FOR perhaps a final fix of the purple heather this season we took ourselves off to Hawnby Moor. North we walked, three abreast, a mile and a half along a dusty track that penetrates and bisects the moor.

Part of the territory looks fortified by turret-like grouse butts. The grouse were tame as if they had not yet been shot at this year.

Other life included a family of German walkers, a mountain biker, and a flock of racing pigeons that skimmed the heather to mitigate a strong south-westerly. A military transport plane flew low and slow between Coomb Hill and Hawnby Hill.

Just before we got to Sour Milk Hills we stopped for sandwiches at an isolated tumbledown farmstead where there were sheep boxed in one small field and cattle in another and a clump of trees. Our next task was to cross the moor east to west and given the state of paths through heather these days I set my compass. There were a couple of cairns but typically no guide posts.

With some pleasure we got across and on target. So we celebrated with a little feast of bilberries and then sank on to the comfortable cushions of these shrubs for a celebratory snooze in the sunshine. Bilberries leave marks on pale trousers like blood from bullet holes.

One was touched to see a waymark as one entered the woods, and then another. Though the trees are mostly pines this is a very atmospheric place with a fairy tale clearing around the remnants of a farmstead, mostly knee-high walls, some soft with turf. Luckily there were none of the freshly released pheasants that have ruined the ambience of many a wood in the last week or so. A rustling in the trees made me turn for deer but it was sheep. But there are the most wonderful ants. They are large reddish wood ants, Formica rufa, the Formica referring to the formic acid they squirt at intruders. Have no fear, they only go fly-about in early summer and have no sting. The rest of the time they spend in and about their very obvious nests. The biggest nest we saw, of the half a dozen we passed, it was conical in shape, three foot high and the same in diameter, there can be 250,000 residents.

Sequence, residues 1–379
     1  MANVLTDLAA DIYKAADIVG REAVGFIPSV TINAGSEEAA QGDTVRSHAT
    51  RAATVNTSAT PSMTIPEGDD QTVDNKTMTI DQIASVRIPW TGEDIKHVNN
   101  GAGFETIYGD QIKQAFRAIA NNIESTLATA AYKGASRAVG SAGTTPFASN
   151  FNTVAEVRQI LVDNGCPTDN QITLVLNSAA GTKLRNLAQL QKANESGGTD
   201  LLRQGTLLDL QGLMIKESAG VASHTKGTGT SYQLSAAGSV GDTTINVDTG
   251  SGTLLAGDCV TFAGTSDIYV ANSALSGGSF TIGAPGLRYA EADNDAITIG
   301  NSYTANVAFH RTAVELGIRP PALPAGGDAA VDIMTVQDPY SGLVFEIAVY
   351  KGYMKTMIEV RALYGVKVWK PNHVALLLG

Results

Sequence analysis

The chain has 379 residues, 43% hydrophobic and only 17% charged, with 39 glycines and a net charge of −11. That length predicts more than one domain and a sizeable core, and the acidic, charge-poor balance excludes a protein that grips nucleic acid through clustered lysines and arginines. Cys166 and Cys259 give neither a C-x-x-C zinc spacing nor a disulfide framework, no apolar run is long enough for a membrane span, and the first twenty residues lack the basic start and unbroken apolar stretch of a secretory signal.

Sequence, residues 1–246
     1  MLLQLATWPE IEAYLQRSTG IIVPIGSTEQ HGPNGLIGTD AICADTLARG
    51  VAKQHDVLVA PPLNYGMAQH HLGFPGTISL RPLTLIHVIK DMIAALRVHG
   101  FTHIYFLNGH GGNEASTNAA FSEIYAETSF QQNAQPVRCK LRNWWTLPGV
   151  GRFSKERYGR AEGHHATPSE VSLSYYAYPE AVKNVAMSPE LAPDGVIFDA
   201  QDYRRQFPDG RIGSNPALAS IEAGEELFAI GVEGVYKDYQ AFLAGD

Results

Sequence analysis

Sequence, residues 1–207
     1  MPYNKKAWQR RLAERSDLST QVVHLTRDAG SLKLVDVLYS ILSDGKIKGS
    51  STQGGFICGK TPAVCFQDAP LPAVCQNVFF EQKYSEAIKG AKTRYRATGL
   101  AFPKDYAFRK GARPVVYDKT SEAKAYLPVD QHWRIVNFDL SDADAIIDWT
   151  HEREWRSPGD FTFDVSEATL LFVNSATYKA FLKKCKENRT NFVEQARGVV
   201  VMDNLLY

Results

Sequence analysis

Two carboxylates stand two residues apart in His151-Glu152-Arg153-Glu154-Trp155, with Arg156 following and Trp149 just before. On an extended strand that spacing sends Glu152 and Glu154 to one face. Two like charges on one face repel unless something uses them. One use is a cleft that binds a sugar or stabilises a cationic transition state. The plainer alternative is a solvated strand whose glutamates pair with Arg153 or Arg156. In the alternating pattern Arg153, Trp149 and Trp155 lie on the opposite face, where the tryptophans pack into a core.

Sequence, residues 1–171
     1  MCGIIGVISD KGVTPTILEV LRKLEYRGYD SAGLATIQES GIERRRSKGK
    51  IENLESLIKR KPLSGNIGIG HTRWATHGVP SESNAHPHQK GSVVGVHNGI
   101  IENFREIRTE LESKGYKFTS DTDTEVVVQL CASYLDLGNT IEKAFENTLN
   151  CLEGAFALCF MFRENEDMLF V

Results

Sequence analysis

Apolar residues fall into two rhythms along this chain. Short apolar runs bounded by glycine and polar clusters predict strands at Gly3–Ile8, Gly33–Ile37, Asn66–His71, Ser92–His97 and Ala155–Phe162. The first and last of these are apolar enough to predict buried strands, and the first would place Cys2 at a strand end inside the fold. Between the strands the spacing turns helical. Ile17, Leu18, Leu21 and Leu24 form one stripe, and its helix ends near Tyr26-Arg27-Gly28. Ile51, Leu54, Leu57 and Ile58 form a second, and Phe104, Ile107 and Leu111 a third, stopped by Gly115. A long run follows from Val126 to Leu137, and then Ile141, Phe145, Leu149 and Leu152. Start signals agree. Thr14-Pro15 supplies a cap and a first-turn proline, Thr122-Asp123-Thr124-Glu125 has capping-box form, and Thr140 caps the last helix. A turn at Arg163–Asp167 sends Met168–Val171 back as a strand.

None of us got ants in our pants (tuck in socks if paranoid) and we reached the back road, which was covered in a sand-drift from a recent downpour. Off to the right of the woods is the place where the River Rye first acquires that name.

Look out for the tempting sign on a Hawnby Estate gate, which reads "genuinely interested visitors...". I checked this out when I got home and hit a bull's-eye with an Inland Revenue site so shall be back soon to open access roam around Hawnby Estate. Today's asphalt finished over open country and provides, for a finale, a good view of open access Hawnby Hill.

Fact file:

Distance: Four and a half miles

Time: Two to three hours

General Location: Western edge of North York Moors National Park

Start: Moorgate, the gates and cattlegrid just over a mile north of Hawnby, at the northern end of Hawnby Hill. Grid reference 539917.

Right of way: The complete route is along public rights of way.

Date walked: Saturday, August 31, 2002.

Road Route: Via Osmotherley or via Helmsley

Car Parking: Free parking area.

Lavatories: None.

Refreshments: Inn and shop at Hawnby.

Tourist & Public Transport Information: Helmsley TIC 01439 770173.

Map: Based on OS Explorer OL 26 North York Moors western area.

Terrain: Moorland and forest.

Points of interest: On the narrow lanes be patient with farmers at harvest time.

Difficulty: Moderate, but take a compass.

Dogs: Suitable.

Weather Forecast: Evening Press and recorded forecast 0891 500 418.

Please observe the Country Code and park sensibly. While every effort is made to provide accurate information, walkers set out at their own risk.


When in doubt look at the map. Check your position at each point. Keep straight on unless otherwise directed.

1. From cattlegrid, track north uphill across moor (signed Unsuitable for Motor Vehicles).

2. Fork left at Y-junction to track.

3. At fieldgate on right (to farm ruin), left to faint path/track across heather, passing quarry after 50 yards, ignore right forks. Path comes and goes, compass bearing is 255 degrees magnetic. As you progress watch out for highest field across valley, almost opposite of "diamond" shape. Keep heading for its right-hand point. Use area of short/burnt heather to the right if you have a problem.

4. Cairn on hillside before descent. Now you can see wood we are heading for on hillside on left and path enters about a third of the way up. After cairn, five yards, path forks, either way - faint paths gently descend (right fork goes to another cairn 100 yards away). Follow path round edge of valley that drops away to right, don't descend into bracken-filled valley and pass first farm on right on opposite side of valley. Path curves round through bilberries and enters wood 50 yards above ruined barn.

5. Track/path into wood, through ruins and keep straight on.

6. At T-junction right to track, 50 yards, right to grassy track, 25 yards, track curves left downhill, S-bend then 100 yards to road. NB This is not as on the new OS map.

7. Left to road (becomes open moorland road) and back to parking area.

Click here to view a map of the walk

Updated: 10:55 Saturday, September 07, 2002